Chemistry

Article

August 13, 2022

Chemistry or chemistry is the natural science that focuses on the study of the composition and structure of substances, the chemical changes that take place under certain conditions, and the laws that can be distilled from them. Chemistry is closely related to biology and physics. The branch of science that connects the two are respectively biochemistry and physical chemistry. New disciplines have also emerged at the interface with other natural sciences, such as geochemistry and computational chemistry. The term chemistry was coined by the scientist Simon Stevin.

General description of chemistry

All substances consist of atoms. Atoms can chemically bond with each other to form larger groups. Substances consisting of atoms of a single species or chemical element are called simple substances. Substances that consist of several types of atoms are called compound substances. The atoms consist of a number of protons, neutrons and electrons. The total number of protons is always equal to the number of electrons. This makes a molecule electrically neutral. Atoms can share their electrons with each other and this is the basis for the chemical bond. One can still distinguish in the way in which the electrons are shared. When the electrons are shared equally between two neighboring atoms, it is called a covalent bond. However, electrons can be shared among more than two atoms. In metals there is even a sea of ​​electrons distributed over all atoms. The distribution can also be uneven, with electrons being partially transferred from one atom to another. This is referred to as an ionic bond. When substances are combined without changing the molecular structure of the various components, we speak of a mixture. A chemical compound can be created by the action of, for example, an elevated temperature, light, or vibration, whether or not under the influence of catalysts, radiation or pressure. Sometimes it is simply the joining of reactants that creates a chemical reaction. A chemical reaction changes the way the different atoms are bonded to each other. Reactions can be very slow (like the rusting of a car) or lightning fast, like the explosion of dynamite. Also in the body of living beings assimilation (construction) and dissimilation (breakdown) of connections takes place continuously. This is collectively called the metabolism. The individual chemical elements are identified by chemical symbols, usually the first letter or first two letters of the Latin name for the substance. Example: 'C' for 'carbon' (carbonum) and 'Fe' for 'iron' (ferrum). All known elements (currently 118), can be arranged in a logical way by placing them in the periodic table. About 92 elements of these also occur in nature (up to uranium); the others are only made in a lab, usually disintegrate spontaneously in fractions of seconds (radioactive decay).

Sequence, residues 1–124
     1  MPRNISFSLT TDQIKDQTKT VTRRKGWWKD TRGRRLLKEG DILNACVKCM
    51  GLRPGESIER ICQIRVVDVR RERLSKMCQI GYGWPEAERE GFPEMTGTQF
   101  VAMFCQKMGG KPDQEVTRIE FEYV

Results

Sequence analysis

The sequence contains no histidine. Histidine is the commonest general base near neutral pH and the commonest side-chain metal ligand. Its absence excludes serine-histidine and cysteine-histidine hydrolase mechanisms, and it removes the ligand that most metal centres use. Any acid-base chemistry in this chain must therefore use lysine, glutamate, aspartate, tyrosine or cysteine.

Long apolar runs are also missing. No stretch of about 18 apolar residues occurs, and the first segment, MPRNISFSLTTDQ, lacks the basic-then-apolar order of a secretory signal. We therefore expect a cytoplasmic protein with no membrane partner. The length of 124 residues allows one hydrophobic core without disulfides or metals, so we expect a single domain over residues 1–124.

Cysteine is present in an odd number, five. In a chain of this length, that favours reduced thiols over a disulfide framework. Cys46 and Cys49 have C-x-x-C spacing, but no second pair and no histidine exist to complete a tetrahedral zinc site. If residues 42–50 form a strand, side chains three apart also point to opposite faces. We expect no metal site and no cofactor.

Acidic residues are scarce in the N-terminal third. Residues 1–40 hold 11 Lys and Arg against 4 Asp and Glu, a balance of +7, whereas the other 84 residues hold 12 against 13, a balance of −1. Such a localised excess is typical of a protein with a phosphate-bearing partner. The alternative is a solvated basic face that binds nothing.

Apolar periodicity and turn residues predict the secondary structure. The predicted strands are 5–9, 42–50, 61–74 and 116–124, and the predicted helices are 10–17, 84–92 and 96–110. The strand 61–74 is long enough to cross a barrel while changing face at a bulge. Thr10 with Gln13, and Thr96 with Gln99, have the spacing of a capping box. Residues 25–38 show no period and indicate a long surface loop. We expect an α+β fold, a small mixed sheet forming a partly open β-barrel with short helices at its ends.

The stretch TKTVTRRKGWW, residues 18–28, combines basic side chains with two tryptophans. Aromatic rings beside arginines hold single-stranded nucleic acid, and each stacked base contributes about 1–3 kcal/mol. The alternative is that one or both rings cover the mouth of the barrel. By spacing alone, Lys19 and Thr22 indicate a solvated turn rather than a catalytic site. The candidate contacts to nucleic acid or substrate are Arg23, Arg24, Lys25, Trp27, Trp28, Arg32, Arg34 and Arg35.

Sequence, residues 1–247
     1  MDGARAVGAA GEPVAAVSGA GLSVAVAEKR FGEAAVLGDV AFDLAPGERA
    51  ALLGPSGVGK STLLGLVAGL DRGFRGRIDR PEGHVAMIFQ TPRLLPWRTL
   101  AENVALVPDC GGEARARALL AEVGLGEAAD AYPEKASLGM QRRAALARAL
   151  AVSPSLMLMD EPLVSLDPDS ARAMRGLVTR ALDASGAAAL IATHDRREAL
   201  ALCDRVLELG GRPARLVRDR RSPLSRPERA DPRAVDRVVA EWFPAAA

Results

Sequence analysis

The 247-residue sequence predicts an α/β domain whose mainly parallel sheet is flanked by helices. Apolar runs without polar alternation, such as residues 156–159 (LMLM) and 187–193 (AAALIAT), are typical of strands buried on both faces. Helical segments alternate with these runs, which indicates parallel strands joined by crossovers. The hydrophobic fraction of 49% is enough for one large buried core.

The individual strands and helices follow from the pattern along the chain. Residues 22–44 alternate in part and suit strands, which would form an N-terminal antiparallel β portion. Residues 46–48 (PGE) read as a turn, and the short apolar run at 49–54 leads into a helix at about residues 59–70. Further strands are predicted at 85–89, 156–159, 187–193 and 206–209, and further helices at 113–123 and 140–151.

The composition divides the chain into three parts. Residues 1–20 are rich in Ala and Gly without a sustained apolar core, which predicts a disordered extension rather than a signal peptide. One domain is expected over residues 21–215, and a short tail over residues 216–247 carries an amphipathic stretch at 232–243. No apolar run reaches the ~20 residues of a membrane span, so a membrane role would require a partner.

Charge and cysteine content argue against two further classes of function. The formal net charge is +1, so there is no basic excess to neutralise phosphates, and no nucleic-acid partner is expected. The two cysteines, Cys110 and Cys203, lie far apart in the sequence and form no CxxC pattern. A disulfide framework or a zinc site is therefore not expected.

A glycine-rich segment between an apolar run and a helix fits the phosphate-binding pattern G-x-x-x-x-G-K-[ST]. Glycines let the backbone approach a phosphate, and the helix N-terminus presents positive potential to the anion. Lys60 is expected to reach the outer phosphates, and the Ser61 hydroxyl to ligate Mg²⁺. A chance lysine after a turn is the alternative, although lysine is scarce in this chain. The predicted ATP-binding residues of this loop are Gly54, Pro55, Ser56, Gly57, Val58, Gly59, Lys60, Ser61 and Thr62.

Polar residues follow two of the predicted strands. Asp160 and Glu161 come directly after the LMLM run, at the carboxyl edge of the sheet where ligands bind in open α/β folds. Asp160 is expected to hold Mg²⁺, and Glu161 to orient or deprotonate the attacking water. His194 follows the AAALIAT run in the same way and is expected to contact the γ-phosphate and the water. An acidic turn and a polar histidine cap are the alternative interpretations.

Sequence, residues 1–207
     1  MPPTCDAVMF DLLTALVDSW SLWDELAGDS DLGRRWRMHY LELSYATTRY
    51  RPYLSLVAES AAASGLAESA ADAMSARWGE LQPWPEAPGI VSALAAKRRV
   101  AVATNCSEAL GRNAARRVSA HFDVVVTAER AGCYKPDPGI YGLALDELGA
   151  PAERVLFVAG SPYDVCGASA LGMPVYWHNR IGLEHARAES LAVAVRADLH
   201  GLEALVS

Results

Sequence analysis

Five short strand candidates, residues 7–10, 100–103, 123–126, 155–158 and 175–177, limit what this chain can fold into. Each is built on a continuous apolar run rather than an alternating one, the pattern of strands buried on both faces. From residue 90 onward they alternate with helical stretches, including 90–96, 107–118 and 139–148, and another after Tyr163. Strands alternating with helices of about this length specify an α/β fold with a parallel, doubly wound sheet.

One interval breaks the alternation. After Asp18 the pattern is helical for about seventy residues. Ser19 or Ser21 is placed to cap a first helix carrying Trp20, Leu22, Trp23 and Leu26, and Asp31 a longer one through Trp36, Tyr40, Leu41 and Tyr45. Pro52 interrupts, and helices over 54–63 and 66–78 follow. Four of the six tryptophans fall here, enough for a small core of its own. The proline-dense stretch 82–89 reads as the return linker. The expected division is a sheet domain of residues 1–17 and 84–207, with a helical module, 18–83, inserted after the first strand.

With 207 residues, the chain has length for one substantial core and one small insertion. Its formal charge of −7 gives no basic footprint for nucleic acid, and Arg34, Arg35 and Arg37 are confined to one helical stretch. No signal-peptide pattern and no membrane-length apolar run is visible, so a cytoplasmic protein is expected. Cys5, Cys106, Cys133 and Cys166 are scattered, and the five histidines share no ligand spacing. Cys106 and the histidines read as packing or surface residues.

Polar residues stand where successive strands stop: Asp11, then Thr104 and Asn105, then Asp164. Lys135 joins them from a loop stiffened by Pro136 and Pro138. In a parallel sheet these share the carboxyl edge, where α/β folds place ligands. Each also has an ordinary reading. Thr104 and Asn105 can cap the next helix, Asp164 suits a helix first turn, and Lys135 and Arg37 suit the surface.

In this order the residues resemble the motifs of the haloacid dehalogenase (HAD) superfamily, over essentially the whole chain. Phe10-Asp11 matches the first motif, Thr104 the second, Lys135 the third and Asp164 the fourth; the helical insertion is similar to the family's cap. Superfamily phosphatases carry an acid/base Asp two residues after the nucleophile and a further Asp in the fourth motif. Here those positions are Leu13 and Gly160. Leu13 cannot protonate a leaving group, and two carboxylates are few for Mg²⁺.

History and development of chemistry

The study and use of chemistry actually predates modern humans (Homo sapiens), because one of the first pieces of technology our even more ape-like ancestors internalized was fire. Fire is nothing more than a cloud of mixed gases (fuel and oxygen from the air) that chemically react with each other, releasing enough heat to volatilize more fuel. In more recent antiquity, a number of other chemical techniques were added to the fire. First, man learned to release metals from their ores. The metallurgy of copper is a very old form of chemistry and a number of elements were already known in ancient Egypt. Metals were soon used as a means of payment and with the minting of